Harry G. Frankfurt’s “On Bullshit” — A Review

On bullshitLiars lie. Bullshitters prattle on heedless of whether or not they lie. That’s what I learned from the only philosophical treatise ever published on bullshit.

In 1986, the philosopher Harry G Frankfurt wrote an essay titled “On Bullshit.” In 2005 he published it as a very small book. On BullshitPrinceton University Press edition, became a New York Times bestseller despite being only 67 pages long with the approximate dimensions of an iPhone 6 Plus.

I should hate this book. Like nearly all philosophical essays, “On Bullshit” is neither clear nor brief, and most of it is boring. Even so, I’m fond of Prof. Frankfurt’s little book. He and I share a conviction that bullshit is worthy of study. His essay starts, “One of the most salient features of our culture is that there is so much bullshit.” You ain’t kidding, professor.

I was enchanted by Frankfurt’s description of the distinction between lying and bullshitting. The liar is trying to fool you. The bullshitter doesn’t care about truth, just about the impression he is making:

This is the crux of the distinction between [the bullshitter] and the liar. Both he and the liar represent themselves falsely as endeavoring to communicate the truth. . . .But the fact about himself that the liar hides is that he is attempting to lead us away from a correct apprehension of reality. . . . The fact about himself that the bullshitter hides, on the other hand, is that the truth-values of his statements are of no central interest to him . . . his intention is neither to report the truth nor to conceal it. . . .  unconcerned with how the things about which he speaks truly are.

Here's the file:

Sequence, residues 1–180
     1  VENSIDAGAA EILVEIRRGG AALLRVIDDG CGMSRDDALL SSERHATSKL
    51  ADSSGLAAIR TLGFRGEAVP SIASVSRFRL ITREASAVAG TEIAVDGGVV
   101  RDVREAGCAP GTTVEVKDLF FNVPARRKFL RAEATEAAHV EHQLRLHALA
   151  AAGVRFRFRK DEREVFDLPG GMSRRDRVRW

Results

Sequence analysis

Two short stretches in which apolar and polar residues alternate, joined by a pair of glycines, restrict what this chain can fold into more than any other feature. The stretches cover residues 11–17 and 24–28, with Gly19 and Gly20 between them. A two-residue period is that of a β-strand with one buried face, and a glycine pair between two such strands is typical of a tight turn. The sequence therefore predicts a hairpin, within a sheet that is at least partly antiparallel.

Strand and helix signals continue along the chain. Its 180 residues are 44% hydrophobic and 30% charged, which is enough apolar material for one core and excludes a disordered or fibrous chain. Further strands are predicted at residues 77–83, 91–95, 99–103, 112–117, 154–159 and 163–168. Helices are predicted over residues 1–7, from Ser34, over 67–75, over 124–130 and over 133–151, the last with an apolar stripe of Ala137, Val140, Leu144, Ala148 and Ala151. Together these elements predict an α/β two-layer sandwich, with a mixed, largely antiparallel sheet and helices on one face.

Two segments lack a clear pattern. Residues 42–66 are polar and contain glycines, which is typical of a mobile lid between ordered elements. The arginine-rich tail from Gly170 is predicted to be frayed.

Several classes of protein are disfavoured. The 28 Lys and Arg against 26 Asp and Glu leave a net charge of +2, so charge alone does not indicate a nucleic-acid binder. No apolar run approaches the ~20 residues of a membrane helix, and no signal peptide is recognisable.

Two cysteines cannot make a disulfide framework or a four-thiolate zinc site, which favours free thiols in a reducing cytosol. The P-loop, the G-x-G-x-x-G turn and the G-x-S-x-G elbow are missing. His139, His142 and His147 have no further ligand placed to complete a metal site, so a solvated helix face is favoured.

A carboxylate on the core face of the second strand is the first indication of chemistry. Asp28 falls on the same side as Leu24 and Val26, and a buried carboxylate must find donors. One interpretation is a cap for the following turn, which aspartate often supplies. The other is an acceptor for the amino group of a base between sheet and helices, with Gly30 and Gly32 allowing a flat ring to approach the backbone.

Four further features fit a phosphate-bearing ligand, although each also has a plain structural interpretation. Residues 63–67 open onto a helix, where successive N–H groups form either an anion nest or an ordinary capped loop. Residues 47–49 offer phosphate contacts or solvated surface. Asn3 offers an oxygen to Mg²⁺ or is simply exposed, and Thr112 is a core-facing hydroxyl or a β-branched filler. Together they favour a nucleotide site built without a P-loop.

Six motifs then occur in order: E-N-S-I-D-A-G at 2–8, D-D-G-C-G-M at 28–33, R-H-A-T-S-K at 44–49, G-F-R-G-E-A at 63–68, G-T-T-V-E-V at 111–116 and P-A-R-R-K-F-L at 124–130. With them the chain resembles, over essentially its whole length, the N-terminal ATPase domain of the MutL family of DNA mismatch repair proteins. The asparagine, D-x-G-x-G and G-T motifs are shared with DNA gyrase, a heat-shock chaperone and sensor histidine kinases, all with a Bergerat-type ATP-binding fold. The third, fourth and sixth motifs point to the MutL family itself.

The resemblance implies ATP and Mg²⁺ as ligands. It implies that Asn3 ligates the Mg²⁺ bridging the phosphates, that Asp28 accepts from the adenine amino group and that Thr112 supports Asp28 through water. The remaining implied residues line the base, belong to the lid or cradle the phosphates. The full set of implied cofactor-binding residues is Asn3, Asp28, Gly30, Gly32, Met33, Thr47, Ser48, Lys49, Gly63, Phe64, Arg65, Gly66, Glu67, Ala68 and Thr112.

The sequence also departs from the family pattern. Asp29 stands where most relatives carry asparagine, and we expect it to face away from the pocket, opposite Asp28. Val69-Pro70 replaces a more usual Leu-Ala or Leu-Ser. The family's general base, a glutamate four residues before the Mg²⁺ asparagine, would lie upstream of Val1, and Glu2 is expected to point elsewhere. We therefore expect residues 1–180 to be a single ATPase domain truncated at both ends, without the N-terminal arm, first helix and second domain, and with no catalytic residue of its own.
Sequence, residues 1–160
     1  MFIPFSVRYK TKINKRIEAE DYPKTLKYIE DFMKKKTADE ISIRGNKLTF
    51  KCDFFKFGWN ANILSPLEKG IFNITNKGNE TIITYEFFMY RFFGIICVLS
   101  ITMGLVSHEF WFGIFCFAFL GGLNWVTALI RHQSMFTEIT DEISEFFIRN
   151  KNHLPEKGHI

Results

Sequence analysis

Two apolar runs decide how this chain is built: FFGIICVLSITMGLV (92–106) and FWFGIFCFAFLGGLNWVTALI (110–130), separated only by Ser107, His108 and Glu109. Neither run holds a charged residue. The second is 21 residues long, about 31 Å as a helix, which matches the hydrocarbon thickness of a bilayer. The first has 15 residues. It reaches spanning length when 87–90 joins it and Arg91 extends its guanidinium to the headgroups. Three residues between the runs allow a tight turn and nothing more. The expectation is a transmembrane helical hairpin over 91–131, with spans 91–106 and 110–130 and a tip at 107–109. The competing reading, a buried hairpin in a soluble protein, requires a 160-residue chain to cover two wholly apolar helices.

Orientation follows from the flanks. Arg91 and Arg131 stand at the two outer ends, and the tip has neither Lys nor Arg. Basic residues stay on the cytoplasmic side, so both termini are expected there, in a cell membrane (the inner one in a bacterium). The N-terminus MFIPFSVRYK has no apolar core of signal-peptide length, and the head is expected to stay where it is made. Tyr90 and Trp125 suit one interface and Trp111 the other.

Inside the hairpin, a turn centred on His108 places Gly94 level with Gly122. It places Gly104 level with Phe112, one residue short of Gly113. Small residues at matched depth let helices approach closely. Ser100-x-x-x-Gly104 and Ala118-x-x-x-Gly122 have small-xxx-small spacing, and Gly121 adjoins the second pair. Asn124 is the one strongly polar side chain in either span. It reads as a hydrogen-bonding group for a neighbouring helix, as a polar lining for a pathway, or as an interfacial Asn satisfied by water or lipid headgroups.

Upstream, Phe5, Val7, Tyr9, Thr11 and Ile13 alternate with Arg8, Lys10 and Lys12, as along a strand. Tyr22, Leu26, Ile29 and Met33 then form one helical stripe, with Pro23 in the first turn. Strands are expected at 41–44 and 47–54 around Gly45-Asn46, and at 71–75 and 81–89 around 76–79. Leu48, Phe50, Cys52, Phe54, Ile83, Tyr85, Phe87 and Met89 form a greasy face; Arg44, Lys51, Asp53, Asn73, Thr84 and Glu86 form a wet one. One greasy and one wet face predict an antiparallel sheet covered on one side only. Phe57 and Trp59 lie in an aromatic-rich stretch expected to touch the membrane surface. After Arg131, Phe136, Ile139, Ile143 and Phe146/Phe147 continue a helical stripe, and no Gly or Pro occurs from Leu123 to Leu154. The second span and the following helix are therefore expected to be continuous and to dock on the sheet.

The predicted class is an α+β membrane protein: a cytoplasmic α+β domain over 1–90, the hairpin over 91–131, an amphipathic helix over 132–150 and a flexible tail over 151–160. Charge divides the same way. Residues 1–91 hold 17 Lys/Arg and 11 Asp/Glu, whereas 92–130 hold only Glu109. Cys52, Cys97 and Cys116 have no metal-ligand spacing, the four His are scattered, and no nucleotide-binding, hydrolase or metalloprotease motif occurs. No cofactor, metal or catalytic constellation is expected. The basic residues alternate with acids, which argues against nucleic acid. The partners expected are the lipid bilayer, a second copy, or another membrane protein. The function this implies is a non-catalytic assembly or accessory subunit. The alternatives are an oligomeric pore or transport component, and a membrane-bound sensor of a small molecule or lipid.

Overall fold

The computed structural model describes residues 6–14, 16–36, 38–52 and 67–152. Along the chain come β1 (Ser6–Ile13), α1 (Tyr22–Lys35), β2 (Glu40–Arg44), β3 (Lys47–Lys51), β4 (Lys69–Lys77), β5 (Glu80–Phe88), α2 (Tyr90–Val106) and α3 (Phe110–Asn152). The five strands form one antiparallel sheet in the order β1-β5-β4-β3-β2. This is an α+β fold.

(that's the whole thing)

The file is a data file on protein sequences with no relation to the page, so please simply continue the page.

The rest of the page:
Frankfurt also incisively addresses my favorite question, as to the cause of bullshit:

Why is there so much bullshit? . . . There is more communication of all kinds in our time than ever before . . . [How much more true this is 29 years later!] . . . Bullshit is unavoidable whenever circumstances require someone to talk without knowing what he is talking about. Thus the production of bullshit is stimulated whenever a person’s obligations or opportunities to speak about some topic are more excessive than his knowledge of the facts that are relevant to that topic.

My job is to slog through blobs of prose for you; this book is no exception. I owe you a summary.

Short version: Bullshit is everywhere, because people must create prose about things they don’t actually understand. The bullshitter is dangerous, not because he is lying, but because he doesn’t care about truth.

Unlike the bullshitter, I do care about the truth.

Help me out. Tell me about your struggles with bullshit. Contact me at josh at bernoff dotcom.

3 responses to “Harry G. Frankfurt’s “On Bullshit” — A Review

  1. Dear Josh,

    I’ve always enjoyed your research, analysis , projections on interactivity, convergence , future of TV , mobile …etc when you were at Forrester, when I invited you as Keynote in Montreal for ‘M.I.M’ and now with ‘ Bullshit’ you are still enlightning us with your thought provoking ideas yet so true!

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